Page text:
Residue on negatives : LUSENET : Large format photography : One Thread

I have a particularly persistent problem with B&W sheet film that I process. After hypo clearing, I wash in water for 15 minutes in water that has gone through an in-line filter. Then I soak and slightly agitate in Wal-Mart distilled water with 2 drops of photo-flo, forma-flo or LPN solution. I then hang dry in my dark room without squeegeeing. The film has drying marks similar to what you would see on a plate that dried in the sun, also sometimes I see fingerprints that got there when I was loading the film. I am not sure how to get rid of this residue. It shows up as streaks in the sky and blank areas of the print. I have tried varying the soaking time and the amount of photo-flo, but it does not seem to make a difference. I am also not sure whether I can load film with gloves on, I hear it is very difficult. Any suggestions are greatly appreciated.

-- Andrew Held (, December 13, 2001


Between LPN and Photo-Flo, I think LPN works MUCH better. I am not familiar with the other product. I have found that LPN in distilled water can work fine at much less concentration than indicated in the tiny print on the bottle. (Does it say 2 drops per pint?) I use 1 drop per quart and it still does the job. And don't forget that the solids in the water on the negatives when you put them in the solution tend to build up in it. I suggest a greater dilution. You can pour some of the solution over the face and back of the negative to make sure you don't get bubbles or waves of solution. There will still be very faint lines that dry on the negative, but they are small enough that with a cold light they don't show.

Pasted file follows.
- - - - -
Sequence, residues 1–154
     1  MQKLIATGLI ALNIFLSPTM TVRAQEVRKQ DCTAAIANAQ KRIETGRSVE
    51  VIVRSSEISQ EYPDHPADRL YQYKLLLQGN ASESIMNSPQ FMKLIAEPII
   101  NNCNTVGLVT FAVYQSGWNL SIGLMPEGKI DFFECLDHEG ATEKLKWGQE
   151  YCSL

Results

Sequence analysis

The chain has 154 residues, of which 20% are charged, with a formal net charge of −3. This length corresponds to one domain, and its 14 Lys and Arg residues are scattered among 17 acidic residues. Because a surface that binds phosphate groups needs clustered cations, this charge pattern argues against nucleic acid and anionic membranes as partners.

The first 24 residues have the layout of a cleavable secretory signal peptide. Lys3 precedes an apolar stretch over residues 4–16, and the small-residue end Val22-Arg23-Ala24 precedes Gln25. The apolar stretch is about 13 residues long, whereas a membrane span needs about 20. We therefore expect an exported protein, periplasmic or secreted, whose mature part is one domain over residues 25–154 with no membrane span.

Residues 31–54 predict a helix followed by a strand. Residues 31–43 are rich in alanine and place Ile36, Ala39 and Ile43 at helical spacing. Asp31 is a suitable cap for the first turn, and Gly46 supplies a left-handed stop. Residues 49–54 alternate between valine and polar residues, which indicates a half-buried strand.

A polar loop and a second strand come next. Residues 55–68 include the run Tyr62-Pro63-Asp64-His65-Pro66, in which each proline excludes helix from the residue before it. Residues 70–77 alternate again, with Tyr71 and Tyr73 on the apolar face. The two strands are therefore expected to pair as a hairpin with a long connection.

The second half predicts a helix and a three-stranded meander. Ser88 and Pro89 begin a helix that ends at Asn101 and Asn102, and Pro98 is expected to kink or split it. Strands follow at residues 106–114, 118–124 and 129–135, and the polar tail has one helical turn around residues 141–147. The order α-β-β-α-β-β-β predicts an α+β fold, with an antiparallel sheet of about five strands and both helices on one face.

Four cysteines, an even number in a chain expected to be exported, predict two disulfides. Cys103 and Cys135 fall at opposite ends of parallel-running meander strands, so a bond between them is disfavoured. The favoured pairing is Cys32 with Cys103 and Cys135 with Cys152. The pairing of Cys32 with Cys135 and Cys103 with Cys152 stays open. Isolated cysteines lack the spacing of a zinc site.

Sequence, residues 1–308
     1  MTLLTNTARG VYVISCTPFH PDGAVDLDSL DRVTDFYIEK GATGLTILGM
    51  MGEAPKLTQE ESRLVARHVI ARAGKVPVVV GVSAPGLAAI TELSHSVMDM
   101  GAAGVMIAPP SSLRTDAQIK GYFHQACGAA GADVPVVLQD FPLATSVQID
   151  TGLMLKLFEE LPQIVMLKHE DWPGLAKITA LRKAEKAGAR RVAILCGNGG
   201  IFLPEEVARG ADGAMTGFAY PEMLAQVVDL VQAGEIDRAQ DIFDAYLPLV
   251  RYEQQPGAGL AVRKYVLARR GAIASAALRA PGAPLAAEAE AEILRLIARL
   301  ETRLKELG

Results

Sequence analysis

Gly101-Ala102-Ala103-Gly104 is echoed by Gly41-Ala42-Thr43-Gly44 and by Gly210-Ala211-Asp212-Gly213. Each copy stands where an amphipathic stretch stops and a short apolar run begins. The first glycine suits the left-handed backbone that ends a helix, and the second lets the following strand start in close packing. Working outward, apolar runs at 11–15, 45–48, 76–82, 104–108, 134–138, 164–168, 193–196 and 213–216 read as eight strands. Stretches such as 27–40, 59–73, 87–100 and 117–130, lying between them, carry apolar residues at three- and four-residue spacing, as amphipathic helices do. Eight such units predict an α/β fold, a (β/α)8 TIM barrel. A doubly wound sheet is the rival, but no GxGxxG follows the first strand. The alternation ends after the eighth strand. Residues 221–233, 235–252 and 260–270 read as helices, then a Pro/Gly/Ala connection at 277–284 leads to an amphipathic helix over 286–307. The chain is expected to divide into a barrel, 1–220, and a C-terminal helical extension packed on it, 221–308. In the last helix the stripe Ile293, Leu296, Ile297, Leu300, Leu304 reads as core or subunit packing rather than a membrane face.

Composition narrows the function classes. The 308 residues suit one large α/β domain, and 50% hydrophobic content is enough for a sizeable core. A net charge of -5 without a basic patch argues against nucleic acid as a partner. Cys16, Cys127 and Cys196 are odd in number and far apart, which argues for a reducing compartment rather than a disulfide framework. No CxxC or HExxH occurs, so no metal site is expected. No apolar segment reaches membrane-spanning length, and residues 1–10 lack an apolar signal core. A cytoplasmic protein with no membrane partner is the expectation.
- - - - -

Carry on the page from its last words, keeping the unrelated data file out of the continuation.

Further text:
-- Kevin Crisp (, December 13, 2001.

Andrew: I use a bit more photoflo with plain ol' tap water and dont have a problem. You might try wiping the negs gently before hanging them up. A cotton ball dipped in photoflo and squeezed out a little makes a good wipe for sheet film. Don't get heavy handed and you will not scratch the negs...just wipe the droplets off. The purpose of photoflo is to break the surface tension of the water so it runs off evenly. I just don't think two drops are enough.


-- Doug Paramore (, December 13, 2001.

Andrew, regarding drying marks: toss your developer, stop, fixer, etc. and remake ALL solutions with your Wal-Mart distilled water. That in-line filter you are using is not fine enough to filter out the disolved calcium deposits in your tap water which undoubtedly are causing your drying marks. Do ALL your water rinses with distilled tap too. You will instantly find that your negatives will actually sparkle, and you will feel worthy again :>)

Re: fingerprints, wash hands really well to remove oils, don't touch emulsion when possible.

-- Andre Noble (, December 13, 2001.

....distilled water too (not distilled tap too)

-- Andre Noble (, December 13, 2001.

Some solvent developers will do this due to the alkalai used. What developer are you using? Some might need different stop baths and fixers.

-- George Huczek (, December 14, 2001.

I think Kevin was referring to LFN, Edwal's low foam wetting agent. I agree that it is far superior to Photo-flo. I use only 2 drops in a liter of water and haven't had drying marks on my film in a long time. A small bottle lasts for years.

-- Ed Buffaloe (, December 14, 2001.

I agree with Ed, LFN is the best. And please don't shop at Wal-Mart anymore. Support downtown businesses, not sprawl.

-- Sandy Sorlien (, December 14, 2001.

Ed is right, I meant LFN, I just blindly copied what you had in the question. I assume you meant LFN.

-- Kevin Crisp (, December 14, 2001.

Thank you all for your thoughtful answers. I will try them and report back my results on the thread.

-- Andrew Held (, December 14, 2001.

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